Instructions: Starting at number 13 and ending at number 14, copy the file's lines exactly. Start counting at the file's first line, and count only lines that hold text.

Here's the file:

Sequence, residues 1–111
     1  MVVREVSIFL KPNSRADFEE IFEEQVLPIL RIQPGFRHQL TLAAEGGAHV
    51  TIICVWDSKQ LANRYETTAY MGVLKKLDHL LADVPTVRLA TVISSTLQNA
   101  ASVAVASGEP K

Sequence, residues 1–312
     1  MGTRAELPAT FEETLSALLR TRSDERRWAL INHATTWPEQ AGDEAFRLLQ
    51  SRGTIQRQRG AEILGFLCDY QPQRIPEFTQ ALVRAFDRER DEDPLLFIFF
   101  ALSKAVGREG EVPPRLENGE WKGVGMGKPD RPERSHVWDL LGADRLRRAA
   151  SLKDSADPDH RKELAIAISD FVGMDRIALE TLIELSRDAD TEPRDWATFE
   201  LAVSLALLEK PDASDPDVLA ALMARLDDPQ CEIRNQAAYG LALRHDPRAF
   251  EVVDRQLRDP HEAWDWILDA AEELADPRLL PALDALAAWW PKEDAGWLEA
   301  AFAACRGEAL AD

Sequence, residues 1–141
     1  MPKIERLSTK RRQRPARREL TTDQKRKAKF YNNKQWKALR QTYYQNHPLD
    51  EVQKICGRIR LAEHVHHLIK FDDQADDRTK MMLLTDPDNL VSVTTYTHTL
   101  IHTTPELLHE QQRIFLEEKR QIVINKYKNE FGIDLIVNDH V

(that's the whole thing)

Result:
Sequence, residues 1–141
     1  MPKIERLSTK RRQRPARREL TTDQKRKAKF YNNKQWKALR QTYYQNHPLD